Rarely do we see properties today that aren’t lined with fencing all around. Fencing has become a requisite among homeowners primarily to keep themselves safe from any intrusions and provide them privacy which adds to their comfort. If designed and built well, fences contribute to the overall aesthetic value of the property.
There are various types of fencing materials, including chain link, wood, and vinyl, but metal ones are known to be the sturdiest. The heavy quality of metal fences makes them reliable in keeping stray animals from entering your property and deterring outsiders with bad intentions. Still, there are manufacturing standards to be followed when making metal fences so that they stay intact for the longest time possible:
How are metal fences made?
The construction of fences depends on the type of metal used. Its longevity also lies in how well its concrete foundation is set. The following are the most common constructions of metal fences:
Wrought iron is derived from cast iron that is reshaped into rods by heating it repeatedly. The process it undergoes is so tedious, giving it its impressive tensile strength and ductility. Also, unlike steel, an alloy or a combination of different metals or metals with other elements, wrought iron is pure metal, making it more durable.
Wrought iron is known to be fibrous, making it less susceptible to rust. To further delay it from rusting, it is usually powder-coated. These explain why they are relatively pricier than other types of metal.
Solid steel is processed similarly to wrought iron but with the use of more cost-efficient steel. They can be processed to imitate common wrought iron fence designs such as curves, tapered spears, curls, scrolls, and twists. These components are welded together to create beautifully patterned metal fencing panels.
These are fences still made of steel but with rods that are hollow inside. The tips of the metal sheets are welded together to create tubes without leaving pools of hardened metal in between. That way, they look just like solid rods. The rods are primed with a protective zinc coating before it is painted, but can still be susceptible to chips and corrosion.
Aluminum, which is the lightest of the metal fencing options, is also the cheapest. The biggest con with the material is the visible welding marks from the binding work done on the rods. Nevertheless, this lightweight and powder-coated fencing material resist corrosion well.
Notable for its corrosion (COR) and tensile (TEN) strength,Corten or weathering steel is a less conventional material option for fencing. It is made of an optimal mix of copper, nickel, phosphorous, and chromium which, when exposed to the elements, develops a red-brown coating that strengthens it from corrosion.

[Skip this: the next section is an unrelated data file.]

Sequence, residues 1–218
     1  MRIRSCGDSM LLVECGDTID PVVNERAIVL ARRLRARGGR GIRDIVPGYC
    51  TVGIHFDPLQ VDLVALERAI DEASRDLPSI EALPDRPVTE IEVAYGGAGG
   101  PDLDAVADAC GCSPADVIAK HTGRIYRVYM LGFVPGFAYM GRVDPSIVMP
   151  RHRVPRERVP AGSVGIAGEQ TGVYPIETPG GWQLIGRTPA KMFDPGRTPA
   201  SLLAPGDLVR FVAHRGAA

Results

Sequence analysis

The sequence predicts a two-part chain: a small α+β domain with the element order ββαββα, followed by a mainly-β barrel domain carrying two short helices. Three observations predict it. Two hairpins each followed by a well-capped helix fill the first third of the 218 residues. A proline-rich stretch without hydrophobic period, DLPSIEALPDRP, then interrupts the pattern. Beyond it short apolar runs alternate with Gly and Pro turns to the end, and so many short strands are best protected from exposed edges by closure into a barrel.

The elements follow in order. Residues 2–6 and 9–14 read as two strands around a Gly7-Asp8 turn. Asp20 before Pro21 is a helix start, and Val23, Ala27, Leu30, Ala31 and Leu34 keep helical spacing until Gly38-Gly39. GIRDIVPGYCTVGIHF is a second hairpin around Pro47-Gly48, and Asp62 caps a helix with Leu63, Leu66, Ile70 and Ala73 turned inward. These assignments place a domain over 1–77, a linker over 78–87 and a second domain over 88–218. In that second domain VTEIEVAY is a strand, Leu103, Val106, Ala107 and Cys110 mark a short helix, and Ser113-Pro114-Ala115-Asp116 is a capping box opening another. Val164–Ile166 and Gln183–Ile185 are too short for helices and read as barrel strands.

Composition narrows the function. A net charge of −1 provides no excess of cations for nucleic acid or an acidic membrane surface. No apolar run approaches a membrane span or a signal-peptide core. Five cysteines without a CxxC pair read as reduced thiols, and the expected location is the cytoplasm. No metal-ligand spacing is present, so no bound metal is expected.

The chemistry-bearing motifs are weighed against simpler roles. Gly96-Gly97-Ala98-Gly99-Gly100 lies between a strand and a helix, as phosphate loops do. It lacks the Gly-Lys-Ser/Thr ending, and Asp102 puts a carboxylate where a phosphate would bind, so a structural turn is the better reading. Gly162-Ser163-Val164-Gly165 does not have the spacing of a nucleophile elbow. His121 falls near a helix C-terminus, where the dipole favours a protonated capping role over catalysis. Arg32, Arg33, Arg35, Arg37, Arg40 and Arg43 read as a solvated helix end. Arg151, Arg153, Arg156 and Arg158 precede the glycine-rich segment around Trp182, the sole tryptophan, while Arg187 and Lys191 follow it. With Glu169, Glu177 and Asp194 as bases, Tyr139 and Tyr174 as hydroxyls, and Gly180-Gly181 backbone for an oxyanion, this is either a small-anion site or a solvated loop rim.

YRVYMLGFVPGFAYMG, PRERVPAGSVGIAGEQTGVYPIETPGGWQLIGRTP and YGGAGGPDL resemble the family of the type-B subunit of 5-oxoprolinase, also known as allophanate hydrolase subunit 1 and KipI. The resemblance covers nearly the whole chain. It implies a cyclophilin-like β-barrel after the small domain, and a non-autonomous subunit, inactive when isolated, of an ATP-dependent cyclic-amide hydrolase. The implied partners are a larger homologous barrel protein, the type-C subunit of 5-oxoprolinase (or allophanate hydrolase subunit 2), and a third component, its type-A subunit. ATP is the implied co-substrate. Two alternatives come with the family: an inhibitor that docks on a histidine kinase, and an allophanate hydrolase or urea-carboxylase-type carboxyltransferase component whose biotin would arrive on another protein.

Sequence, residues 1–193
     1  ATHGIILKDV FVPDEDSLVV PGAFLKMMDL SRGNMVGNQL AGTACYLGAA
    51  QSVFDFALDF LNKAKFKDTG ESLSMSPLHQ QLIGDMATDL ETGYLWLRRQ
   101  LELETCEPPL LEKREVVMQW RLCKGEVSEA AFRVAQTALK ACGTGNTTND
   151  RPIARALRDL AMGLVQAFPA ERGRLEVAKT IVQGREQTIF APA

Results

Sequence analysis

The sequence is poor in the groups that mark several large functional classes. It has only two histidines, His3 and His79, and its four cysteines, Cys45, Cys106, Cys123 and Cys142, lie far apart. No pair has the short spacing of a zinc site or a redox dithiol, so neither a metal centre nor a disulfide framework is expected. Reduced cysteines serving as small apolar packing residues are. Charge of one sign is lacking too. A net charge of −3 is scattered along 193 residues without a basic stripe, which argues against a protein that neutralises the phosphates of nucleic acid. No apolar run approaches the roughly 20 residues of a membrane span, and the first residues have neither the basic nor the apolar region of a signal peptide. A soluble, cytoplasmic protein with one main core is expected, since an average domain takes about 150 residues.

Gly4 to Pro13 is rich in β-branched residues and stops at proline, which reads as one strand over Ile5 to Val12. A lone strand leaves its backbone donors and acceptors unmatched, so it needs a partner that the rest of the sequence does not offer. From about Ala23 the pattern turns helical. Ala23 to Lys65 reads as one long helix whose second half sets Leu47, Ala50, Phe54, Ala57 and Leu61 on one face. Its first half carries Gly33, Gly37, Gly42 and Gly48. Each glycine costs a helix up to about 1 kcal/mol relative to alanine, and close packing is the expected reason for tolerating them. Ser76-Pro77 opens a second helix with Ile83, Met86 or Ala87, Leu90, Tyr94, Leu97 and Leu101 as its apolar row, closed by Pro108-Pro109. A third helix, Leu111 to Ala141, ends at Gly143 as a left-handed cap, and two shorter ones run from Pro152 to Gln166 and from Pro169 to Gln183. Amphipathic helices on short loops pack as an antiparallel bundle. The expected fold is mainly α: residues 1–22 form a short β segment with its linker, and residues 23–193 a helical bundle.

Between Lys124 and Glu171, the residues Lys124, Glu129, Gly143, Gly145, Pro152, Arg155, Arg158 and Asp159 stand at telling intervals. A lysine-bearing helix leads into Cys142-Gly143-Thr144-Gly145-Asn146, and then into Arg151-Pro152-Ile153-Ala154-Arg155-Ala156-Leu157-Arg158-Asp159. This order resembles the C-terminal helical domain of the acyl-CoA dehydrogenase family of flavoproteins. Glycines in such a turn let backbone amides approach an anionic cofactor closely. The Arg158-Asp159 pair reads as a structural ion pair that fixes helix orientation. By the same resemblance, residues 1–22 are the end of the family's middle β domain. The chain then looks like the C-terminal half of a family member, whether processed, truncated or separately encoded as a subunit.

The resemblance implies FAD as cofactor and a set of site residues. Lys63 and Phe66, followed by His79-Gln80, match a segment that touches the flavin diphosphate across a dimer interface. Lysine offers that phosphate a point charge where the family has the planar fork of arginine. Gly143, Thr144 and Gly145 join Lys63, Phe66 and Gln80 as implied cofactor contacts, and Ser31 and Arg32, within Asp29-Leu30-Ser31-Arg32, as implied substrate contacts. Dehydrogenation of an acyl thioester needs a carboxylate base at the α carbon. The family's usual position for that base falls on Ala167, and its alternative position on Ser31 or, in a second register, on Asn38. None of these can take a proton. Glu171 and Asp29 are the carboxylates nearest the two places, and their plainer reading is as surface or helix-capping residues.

Although it looks like it’s rusting, it is actually acclaimed for its unique aesthetic value. This makes it popular for use on building exteriors aside from fencing. This, along with its low upkeep requirement, also explains why it is relatively more expensive than other types of steel.
What type of metal should your fence be made of?
If your main consideration is durability and security for an affordable price, steel fencing wins by a landslide. It provides both the durability of wrought iron and the affordability of aluminum fencing. But, do note that, due to its weight, shipping costs could be hefty. That is one of the reasons why tubular steel fences have grown in popularity.
Aluminum fencing, on the other hand, is the main pick of environmentally conscious homeowners. Due to being lightweight, it can be welded more quickly to imitate wrought iron or steel fences but with a smaller carbon footprint.
Caring for Metal Fences
If properly cared for, tubular metal fences could last for as long as two decades and solid ones even up to a lifetime. The most common cause for its deterioration is rust-causing oxidation and moisture. No one can control when it rains, among other environmental factors, but here are things you can do to delay your metal fence from rusting:
Inspect for Scratches and Rust
Those who live in high-humidity areas are advised to check their fences as often as possible. During winter, when the road is most likely sprinkled with salt, therefore increasing the corrosion of your fences upon contact, the more frequently you should check for scratches or developing rusts.
You can put a stop to paint chipping or early stages of rusting. First, brush off paint flakes and corroded material. Refine the clean using sandpaper. Then rinse the area using soap and water and wait until it dries.
Cover your working area with newspaper to keep it from getting stained from the chemicals you will apply. Rusty metal primers come in spray cans, which you have to aim well onto the affected area. After which, spray on the glossy top coat of the same color as your fence.
Aside from rusting, you could protect your fences from dirt like bird droppings and mud by wiping the panels down with a dampened cloth. For a more intensive clean, use soap that is suitable for painted surfaces and a non-abrasive sponge.
Fences are investments just like every other part of your property. Rusting is inevitable, but you can preserve your fences without expending sums of cash. Caring for them is important in keeping your property’s value up.